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Statement by Association of Community Cancer Center's President Regarding Negative Long-Term Effect of Pandemic to Cancer Care

Rockville, MD— The Association of Community Cancer Centers (ACCC) today released the following statement from ACCC president, Dr. Randall A. Oyer, in response to recent comments by Norman E. Sharpless, MD, National Cancer Institute Director, on COVID-19 impact on cancer deaths for years to come. Dr. Sharpless expressed concerns about delays in screening and altering cancer treatment regimens due to COVID-19.

“The ACCC concurs with Dr. Sharpless that the COVID-19 pandemic poses added danger to cancer patients across a wide spectrum of cancer care and research. We share the NCI’s  concerns regarding short and long term effects of delayed diagnosis due to interrupted screening or access to care, deferred or non-standard treatment, and reduced access to clinical trials.

However, we want to assure our patients and their families that we are still here and are still providing life-saving care. Our cancer teams are doing whatever it takes to make sure that our patients get the best possible cancer care, and we are doing it in the safest possible manner. Across our communities, ACCC and its members work tirelessly to eliminate health disparities, so that all people benefit equally from advances in cancer care.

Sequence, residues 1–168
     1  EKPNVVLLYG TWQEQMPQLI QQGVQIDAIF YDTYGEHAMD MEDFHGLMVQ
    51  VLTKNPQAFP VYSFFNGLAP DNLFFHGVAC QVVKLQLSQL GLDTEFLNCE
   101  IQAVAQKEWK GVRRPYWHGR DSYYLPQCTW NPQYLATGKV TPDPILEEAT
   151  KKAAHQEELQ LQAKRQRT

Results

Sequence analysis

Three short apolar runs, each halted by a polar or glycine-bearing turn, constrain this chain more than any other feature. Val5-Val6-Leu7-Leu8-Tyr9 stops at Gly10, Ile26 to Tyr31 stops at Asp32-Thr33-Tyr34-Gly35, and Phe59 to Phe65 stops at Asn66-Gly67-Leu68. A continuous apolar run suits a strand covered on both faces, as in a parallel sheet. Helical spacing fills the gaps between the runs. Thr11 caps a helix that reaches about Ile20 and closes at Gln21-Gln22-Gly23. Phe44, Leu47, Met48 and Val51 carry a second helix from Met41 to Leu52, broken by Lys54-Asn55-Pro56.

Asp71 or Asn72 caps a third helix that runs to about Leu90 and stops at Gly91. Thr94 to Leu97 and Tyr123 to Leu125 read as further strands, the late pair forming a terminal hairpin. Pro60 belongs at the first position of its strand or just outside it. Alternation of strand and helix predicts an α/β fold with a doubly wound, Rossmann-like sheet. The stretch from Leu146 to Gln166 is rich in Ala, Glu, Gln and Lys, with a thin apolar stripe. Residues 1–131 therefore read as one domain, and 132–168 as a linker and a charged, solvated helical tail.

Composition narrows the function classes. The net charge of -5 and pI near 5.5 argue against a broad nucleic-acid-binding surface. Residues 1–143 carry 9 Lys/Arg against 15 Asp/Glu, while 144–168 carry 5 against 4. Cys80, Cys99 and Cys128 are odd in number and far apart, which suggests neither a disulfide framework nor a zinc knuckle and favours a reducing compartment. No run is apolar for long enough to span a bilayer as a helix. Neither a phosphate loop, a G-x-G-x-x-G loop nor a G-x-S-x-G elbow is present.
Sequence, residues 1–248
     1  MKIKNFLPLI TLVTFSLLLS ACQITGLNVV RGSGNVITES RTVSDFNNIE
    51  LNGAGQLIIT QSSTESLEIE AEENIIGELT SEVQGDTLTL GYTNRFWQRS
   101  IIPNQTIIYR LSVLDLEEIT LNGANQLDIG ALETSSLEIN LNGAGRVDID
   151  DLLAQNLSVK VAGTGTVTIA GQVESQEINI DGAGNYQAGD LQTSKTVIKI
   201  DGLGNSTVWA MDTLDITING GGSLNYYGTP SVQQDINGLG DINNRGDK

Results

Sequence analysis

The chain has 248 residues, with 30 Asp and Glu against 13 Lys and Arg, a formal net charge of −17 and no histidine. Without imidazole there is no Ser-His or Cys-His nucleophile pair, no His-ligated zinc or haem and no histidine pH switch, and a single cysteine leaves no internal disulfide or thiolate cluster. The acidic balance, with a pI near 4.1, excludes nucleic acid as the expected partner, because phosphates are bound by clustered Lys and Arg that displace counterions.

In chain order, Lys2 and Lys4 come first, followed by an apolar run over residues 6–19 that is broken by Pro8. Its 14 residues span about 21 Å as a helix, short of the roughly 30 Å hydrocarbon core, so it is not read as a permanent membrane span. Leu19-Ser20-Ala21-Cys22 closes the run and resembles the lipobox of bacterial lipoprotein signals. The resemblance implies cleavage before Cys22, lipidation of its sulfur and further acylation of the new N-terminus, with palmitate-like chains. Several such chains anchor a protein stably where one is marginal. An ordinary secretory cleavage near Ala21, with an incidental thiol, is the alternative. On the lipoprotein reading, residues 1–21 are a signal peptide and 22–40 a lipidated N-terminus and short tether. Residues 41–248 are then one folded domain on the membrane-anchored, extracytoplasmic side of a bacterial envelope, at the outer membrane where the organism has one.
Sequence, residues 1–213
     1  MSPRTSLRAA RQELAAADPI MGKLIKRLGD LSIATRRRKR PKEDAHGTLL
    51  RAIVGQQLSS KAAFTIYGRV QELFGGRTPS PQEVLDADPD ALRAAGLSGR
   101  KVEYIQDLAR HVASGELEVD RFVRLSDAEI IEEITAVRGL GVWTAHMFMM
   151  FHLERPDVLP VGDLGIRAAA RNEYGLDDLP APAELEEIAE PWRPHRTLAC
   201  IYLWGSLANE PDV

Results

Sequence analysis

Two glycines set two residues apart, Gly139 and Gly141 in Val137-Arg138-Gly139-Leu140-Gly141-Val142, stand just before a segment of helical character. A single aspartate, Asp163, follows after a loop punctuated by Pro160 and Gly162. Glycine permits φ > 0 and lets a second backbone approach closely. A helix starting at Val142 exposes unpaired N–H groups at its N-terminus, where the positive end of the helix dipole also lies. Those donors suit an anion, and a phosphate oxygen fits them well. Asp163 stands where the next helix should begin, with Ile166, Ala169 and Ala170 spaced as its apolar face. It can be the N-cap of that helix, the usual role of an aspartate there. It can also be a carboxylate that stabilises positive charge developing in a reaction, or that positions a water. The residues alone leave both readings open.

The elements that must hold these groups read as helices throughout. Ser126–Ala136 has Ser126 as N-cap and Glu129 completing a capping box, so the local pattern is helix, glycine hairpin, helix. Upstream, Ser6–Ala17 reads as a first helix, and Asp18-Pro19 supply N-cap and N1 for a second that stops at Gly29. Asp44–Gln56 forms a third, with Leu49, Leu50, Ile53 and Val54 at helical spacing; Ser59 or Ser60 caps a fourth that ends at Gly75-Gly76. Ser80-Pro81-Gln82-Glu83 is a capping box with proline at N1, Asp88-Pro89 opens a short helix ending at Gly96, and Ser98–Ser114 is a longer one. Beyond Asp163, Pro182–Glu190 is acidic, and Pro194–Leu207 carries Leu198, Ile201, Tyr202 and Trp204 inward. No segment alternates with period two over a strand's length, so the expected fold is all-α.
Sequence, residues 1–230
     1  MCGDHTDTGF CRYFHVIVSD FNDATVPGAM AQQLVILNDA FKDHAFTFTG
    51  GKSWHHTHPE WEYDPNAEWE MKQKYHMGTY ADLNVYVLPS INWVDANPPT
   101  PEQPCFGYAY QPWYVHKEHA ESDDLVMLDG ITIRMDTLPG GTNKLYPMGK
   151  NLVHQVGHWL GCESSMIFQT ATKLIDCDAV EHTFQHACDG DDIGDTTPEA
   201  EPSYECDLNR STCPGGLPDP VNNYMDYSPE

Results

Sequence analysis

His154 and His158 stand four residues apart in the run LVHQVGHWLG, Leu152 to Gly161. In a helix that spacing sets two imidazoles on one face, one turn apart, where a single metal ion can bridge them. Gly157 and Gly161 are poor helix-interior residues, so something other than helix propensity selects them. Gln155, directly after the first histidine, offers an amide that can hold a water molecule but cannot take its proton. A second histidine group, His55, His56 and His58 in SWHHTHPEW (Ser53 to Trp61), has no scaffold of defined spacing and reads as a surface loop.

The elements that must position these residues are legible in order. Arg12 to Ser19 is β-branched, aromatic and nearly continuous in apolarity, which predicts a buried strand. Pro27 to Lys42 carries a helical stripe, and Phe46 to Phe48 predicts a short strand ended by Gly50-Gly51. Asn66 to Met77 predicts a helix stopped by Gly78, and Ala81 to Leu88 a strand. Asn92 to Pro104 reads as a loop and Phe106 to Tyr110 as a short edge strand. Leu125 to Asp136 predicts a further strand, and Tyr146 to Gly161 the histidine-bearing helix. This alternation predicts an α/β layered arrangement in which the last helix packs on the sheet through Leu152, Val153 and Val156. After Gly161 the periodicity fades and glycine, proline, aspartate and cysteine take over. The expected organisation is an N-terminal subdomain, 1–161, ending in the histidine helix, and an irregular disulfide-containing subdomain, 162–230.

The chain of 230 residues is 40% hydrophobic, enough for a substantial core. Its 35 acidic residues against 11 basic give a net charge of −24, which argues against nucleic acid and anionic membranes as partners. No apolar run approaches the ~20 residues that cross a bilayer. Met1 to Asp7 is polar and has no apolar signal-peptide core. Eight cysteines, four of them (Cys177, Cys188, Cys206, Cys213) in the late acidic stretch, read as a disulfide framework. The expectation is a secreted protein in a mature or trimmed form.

From the onset of the COVID crisis, ACCC has focused its educational programming on helping cancer programs and practices keep up with rapidly changing medical information and important new safety requirements.  ACCC engages national experts and shares information among its members across the U.S., allowing members to learn from each other and adopt effective practices. 

ACCC members have access to topical webinars, a peer-to-peer communications platform, expert interviews, and on-demand audio podcasts all focused on the effects of COVID and ways to mitigate its effects.

Across the country, ACCC member cancer programs have carefully instituted the best available safety measures that keep patients, families, and staff safe and well cared for during this pandemic.  Additionally, the whole cancer team continues to provide essential care- physicians, nurses, social workers, navigators, pharmacists, financial navigators, mental health practitioners, and others. 

The message to patients, families, and friends: do not delay your screenings. Cancer does not delay. Please make your appointments with your doctors. Keep up with your treatments. Get your mammograms and colonoscopies.  Early diagnosis, early treatment, and evidence-based cancer therapies can be life-saving.”

About the Association of Community Cancer Centers

The Association of Community Cancer Centers (ACCC) is the leading education and advocacy organization for the cancer care community. Founded in 1974, ACCC is a powerful network of 30,000 multidisciplinary practitioners from 1,700 hospitals and practices nationwide. As advances in cancer screening and diagnosis, treatment options, and care delivery models continue to evolve - so has ACCC - adapting its resources to meet the changing needs of the entire oncology care team. For more information, visit Follow us on social media; read our blog, ACCCBuzz; tune in to our CANCER BUZZ podcast; and view our CANCER BUZZ TV channel.